Speaker seeks to reform hearings

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Speaker seeks to reform hearings


Chung Ui-hwa

Among lawmakers in the National Assembly, Speaker Chung Ui-hwa has long been considered a strong proponent for bipartisanship thanks to his willingness to reach across the aisle to bring about political consensus. Such a quality is especially valued in Korean politics, which has long been filled with partisan strife. It was only a few years ago that physical brawls, including yelling and verbal insults, were seen as business as usual.

Since his election to the Assembly’s highest position in May, beating out former Saenuri Chairman Hwang Woo-yeah in a landslide victory, Chung, a former neurosurgeon from Busan, has kept up that integrity.

“All the lawmakers here are keenly aware that the key to future success for the country is to work in harmony and cooperation. And yet, they are not doing any of that,” the five-term lawmaker said during an interview with the JoongAng Ilbo on Wednesday in his National Assembly office.

“As an assembly speaker, I will strive to overcome obstacles that stand in the way of achieving bipartisan cooperation.”

Chung ran in the election for National Assembly speaker two years ago, facing off against former Speaker Kang Chang-hee, a former military man who is part of the pro-Park Geun-hye faction within the ruling party. However, that time he fell short.

Chung’s lopsided victory in his renewed bid for the position left many within the ruling party questioning whether it was representative of growing discontent among Saenuri lawmakers over what it perceives is the Blue House’s unilateral way of carrying out policy directives, with the presidential office often neglecting to seek cooperation from them.

Having served as speaker for just over a month, Chung has already received high praise from the main opposition New Politics Alliance for Democracy (NPAD), which said in a statement issued Wednesday that Chung’s recent performance as speaker was a display of “outstanding leadership that seeks bipartisan unity.”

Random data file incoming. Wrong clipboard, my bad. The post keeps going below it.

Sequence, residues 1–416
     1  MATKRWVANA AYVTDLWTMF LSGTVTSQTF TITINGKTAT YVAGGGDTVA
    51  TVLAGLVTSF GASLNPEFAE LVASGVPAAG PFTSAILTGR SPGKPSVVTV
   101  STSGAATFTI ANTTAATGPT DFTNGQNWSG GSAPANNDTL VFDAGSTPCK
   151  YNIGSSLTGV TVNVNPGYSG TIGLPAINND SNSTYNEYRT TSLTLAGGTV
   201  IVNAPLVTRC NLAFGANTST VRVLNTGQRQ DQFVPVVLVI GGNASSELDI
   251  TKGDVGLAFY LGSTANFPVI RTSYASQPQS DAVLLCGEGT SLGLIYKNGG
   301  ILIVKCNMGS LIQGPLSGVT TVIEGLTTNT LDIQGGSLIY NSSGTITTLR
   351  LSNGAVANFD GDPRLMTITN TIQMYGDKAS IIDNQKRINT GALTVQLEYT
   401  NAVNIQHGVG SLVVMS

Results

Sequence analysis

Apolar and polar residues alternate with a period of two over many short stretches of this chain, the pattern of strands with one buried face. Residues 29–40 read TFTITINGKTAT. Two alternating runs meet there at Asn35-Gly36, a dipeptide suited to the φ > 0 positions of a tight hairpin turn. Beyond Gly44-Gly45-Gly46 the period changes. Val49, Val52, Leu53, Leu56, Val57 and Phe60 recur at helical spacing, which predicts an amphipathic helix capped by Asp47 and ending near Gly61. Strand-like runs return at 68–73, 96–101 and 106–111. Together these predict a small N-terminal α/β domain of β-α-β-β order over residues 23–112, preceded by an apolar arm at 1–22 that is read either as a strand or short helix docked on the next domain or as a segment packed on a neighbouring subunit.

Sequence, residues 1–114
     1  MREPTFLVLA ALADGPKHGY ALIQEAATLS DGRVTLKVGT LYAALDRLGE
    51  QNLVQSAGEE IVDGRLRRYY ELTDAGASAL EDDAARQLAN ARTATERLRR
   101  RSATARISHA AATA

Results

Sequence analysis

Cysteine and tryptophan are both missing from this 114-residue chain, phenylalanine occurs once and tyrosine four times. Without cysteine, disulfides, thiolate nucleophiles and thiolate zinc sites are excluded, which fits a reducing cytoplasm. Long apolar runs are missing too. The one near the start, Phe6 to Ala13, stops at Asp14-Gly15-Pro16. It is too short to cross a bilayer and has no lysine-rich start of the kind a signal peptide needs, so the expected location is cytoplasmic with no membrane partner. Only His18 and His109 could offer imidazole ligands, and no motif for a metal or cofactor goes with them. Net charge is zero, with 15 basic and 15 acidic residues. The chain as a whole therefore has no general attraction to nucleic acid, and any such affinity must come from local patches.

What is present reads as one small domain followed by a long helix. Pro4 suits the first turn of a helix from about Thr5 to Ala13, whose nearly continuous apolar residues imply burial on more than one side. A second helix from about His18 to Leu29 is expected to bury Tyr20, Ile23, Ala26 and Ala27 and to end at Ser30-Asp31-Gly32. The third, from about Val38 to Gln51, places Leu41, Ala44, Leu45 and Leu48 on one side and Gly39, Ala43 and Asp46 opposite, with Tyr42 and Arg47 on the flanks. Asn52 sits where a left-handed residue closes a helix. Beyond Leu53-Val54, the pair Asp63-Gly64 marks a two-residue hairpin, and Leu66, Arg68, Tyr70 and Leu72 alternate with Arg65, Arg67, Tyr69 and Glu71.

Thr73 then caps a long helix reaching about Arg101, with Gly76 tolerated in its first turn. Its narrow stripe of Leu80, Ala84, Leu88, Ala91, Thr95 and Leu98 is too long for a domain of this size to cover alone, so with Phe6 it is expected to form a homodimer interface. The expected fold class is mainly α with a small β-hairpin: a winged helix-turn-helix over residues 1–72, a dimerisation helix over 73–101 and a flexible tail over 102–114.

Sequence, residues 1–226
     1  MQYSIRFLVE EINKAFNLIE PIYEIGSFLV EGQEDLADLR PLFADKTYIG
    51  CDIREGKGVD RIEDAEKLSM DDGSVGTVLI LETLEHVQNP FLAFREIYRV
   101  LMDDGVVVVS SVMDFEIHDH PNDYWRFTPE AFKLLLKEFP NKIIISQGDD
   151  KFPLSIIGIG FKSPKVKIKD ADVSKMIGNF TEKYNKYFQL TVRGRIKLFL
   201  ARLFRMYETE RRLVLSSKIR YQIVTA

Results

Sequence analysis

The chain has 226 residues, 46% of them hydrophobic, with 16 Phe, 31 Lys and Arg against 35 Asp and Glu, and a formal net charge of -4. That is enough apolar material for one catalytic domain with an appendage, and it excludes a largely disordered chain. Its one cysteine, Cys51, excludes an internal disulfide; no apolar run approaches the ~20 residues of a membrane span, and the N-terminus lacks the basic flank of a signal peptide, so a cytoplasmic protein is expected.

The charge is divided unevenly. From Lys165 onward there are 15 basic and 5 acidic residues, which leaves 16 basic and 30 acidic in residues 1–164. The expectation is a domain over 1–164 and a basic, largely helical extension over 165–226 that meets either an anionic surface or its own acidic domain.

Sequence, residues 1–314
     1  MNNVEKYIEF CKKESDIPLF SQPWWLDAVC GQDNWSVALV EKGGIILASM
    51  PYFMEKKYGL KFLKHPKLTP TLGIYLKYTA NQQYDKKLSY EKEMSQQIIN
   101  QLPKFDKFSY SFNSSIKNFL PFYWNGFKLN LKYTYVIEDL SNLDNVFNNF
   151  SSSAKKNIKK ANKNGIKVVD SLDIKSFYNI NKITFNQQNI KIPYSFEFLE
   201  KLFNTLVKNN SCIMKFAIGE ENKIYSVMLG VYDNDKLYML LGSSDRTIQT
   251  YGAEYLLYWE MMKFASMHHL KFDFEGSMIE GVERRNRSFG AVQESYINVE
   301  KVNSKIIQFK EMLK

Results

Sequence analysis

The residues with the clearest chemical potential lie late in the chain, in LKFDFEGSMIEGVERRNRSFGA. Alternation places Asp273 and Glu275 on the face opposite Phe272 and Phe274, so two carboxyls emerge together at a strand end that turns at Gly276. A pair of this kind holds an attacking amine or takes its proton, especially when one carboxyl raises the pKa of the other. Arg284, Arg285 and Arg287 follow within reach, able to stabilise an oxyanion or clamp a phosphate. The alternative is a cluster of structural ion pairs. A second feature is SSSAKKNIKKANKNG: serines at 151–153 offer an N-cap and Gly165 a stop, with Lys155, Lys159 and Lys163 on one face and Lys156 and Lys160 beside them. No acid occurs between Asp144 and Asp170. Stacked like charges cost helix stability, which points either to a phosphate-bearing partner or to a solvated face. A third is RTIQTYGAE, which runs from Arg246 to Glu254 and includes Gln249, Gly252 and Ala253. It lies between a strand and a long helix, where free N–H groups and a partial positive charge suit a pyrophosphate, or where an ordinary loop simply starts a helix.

In the Korean political circle, which is usually rife with discord and wrangling, such acclaim directed at a ruling party member from the main opposition is especially rare.

When asked about Moon Chang-keuk, the former prime minister-designate who backed out of his nomination before his confirmation hearing after controversy over remarks he made on Korea’s modern history, the speaker said that the former journalist should have been given an opportunity to explain himself and clarify any misunderstandings before lawmakers.

“It was quite burdensome [for Moon and the ruling Saenuri] to push ahead to hold a confirmation hearing considering the public sentiment [that had turned against Moon]. But based on my common sense and principle, Moon should have been able to clarify his views at a confirmation hearing, and let the public decide afterward.”

Touching on mounting criticism that confirmation hearings are mainly used by lawmakers to pry into nominees’ private lives in an attempt to humiliate them, the 66-year-old speaker said it was time to consider introducing a confirmation hearing consisting of two tracks.